NeurIPS 2019
Sun Dec 8th through Sat the 14th, 2019 at Vancouver Convention Center
Paper ID:5992
Title:Levenshtein Transformer

Reviewer 1

[update] Thanks for the revision and clarification! I revised my review accordingly. ========================= This submission introduces Levenshtein Transformer, a non-autoregressive model for text generation and post editing. Instead of generating tokens left-to-right, it repeats a `delete-and-insert` procedure. More specifically, starting from an initial string, it keeps deletes tokens from or insert new tokens into the outputs, until convergence is met. The model is trained with imitation learning, where expert policy derived from gold data or a pertained auto-regressive teacher model is explored. Experiments on text summarization, machine translation, and post editing shows that the proposed model outperforms the transformer baselines in both accuracy and efficiency. Overall I think this is an interesting work. Yet I do have some confusion in both the technical part and the experimental part.

Reviewer 2

Originality: It is an interesting work by casting the sequence generation task as two iterative tasks of insertion/deletion. I think the formulation is new that is coupled with the training procedure based on imitation learning with two policies, i.e., deletion and insertion. Quality: The proposed model and its training procedure seem apt and well designed. Experiments are carried out carefully with consistent gains when compared with SOTA, i.e., Transformer, with faster inference speed. Clarity: This paper is clearly written, though I have a couple of minor questions regarding technical details. See the details in "Improvements" section. Significance: Given the inference efficiency and its reasonable quality improvements, I feel this work might have potential to impact future research. Other comment: line 89: we our policy for one iteration is -> {our, the}(?) policy for ...

Reviewer 3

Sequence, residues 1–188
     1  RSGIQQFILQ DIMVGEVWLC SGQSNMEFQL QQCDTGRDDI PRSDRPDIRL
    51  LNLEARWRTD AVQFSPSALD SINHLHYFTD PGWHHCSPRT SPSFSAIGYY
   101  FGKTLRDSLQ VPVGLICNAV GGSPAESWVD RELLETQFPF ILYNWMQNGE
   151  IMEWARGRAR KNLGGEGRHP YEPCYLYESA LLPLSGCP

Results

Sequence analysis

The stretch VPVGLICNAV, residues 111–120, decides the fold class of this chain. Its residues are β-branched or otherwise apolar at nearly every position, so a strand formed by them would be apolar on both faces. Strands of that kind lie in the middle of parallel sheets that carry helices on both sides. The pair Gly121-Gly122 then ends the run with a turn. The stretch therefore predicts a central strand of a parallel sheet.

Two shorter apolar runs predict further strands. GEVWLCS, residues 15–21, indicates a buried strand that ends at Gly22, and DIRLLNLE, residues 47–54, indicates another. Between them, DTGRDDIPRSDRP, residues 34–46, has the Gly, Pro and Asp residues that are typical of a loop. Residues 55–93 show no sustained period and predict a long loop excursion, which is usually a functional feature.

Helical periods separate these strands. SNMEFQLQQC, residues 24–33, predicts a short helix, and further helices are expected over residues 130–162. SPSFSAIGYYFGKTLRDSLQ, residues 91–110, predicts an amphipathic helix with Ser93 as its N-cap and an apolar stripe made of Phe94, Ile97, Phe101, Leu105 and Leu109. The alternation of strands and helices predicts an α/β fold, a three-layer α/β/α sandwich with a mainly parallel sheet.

=== Detailed Comments === > "two atomic operations — insertion and deletion" This is somewhat debatable. Under the LevT, an insertion operation first requires the number of slots to be predicted first, then the actual insertions are predicted. This is not completely atomic. i.e., using the authors terminology from Figure 1, "Insert Placeholders" then "Fill-in Tokens". > Section 1. "(up to ×5 speed-up" > Figure 4. > Section 4.1 "Analysis of Efficiency" This reviewer thinks the paper is quite misleading in the speed comparison, and iteration comparison. Figure 4 add/subtracts a U[0, 0.5) noise to the figure, which means it can subtract iterations -- this gives a misleading plot. Figure 4, and other iteration analysis is also misleading because the authors fail to take into account that 1 LevT iteration is 3 times more expensive than a standard transformer iteration (i.e., compared to other published methods). > Section 3.1 Roll-in Policy It took me several parses to fully understand the roll-in policy. This section can be rewritten to be more clear and easier to understand. > Section 3.2 Expert Policy and Section 4 "Oracle vs. Teacher Model" The terminology is confusing -- please use the standard terminology in the field -- this is simply Distillation vs no-Distillation. The Oracle and Teacher Model terminology is confusing. Additionally, the use of Levenshtein edit distance (and more specifically, decomposing it with dynamic programming, and using it as the oracle policy) is not new. Citations are missing [1, 2]. > Section 3.3 Comment: It seems like your model might benefit from a noisy-decoding approach. i.e., greedy decode with some noise, and select best one based off of log-prob of entire sequence. > Section 4 Machine Translation The authors presented several MT results, Ro-En, En-De, En-Ja -- this reviewer will focus on the WMT14 ende results. This is because WMT14 en-de is a well established benchmark for machine translation, and the other datasets are much less well established and lack strong prior work -- i.e., the other datasets are more interesting towards the NLP community and less so for the Machine Learning community. First, the reviewer thank the authors for published WMT14 ende, instead of taking the easy way out and only publishing on less competitive MT datasets. However, the empirical results are misleading. i.e., Table 1. The authors fail to compare to other prior published work while making bold claims on their own work. The Transformer baseline is very poor (26.X BLEU) -- it is behind the original Transformer paper [1] of 27.3 BLEU -- which in return is behind modern Transformer implementations which can reach >28 BLEU quite easily. > Section 4 Gigagword Similar to the MT results, citation and comparison to other published work is missing. For example, citing a few of the SOTA prior work from [4] would be nice. Overall, this reviewer argues for acceptance this paper. The ideas in the paper are sufficiently novel and is a good contribution to the community. The empirical results are lacking, but that should not be grounds for rejection. However, this reviewer also find the paper to be quite misleading in several places, especially in comparison with prior work and with a few citations missing. The writing and exposition of the paper can be improved. There are also many minor grammatical errors in the text, the text feels very rushed and definitely needs significant polishing. The exposition of the paper is definitely below the NeurIPS bar. However, assuming these issues are addressed in the rebuttal, this reviewer believes this paper should be accepted and will be willing to bump up the score from 6->7. [1] Optimal Completion Distillation for Sequence Learning [2] EditNTS: An Neural Programmer-Interpreter Model for Sentence Simplification through Explicit Editing [3] Attention Is All You Need [4]